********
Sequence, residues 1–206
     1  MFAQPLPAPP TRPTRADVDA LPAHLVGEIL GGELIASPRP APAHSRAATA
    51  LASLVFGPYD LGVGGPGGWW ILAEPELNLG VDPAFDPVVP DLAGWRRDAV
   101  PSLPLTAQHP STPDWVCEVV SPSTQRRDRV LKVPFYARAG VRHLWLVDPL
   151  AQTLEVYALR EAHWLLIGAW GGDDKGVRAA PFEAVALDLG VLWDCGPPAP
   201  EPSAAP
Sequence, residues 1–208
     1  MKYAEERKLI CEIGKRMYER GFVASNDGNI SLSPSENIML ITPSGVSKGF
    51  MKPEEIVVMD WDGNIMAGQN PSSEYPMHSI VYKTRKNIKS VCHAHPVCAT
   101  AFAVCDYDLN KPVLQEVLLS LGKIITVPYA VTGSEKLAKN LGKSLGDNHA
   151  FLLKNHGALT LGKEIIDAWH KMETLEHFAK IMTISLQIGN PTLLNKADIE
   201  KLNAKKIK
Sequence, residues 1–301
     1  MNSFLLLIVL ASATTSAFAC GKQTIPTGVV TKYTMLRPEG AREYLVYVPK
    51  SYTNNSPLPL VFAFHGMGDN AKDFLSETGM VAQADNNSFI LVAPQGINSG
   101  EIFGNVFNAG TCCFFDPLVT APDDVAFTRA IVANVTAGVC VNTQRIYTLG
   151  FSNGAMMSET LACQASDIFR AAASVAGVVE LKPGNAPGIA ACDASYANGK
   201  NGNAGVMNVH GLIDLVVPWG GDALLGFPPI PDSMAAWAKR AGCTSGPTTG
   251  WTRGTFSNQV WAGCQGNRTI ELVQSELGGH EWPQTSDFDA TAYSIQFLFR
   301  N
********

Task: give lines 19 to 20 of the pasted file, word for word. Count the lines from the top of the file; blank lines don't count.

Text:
   251  WTRGTFSNQV WAGCQGNRTI ELVQSELGGH EWPQTSDFDA TAYSIQFLFR
   301  N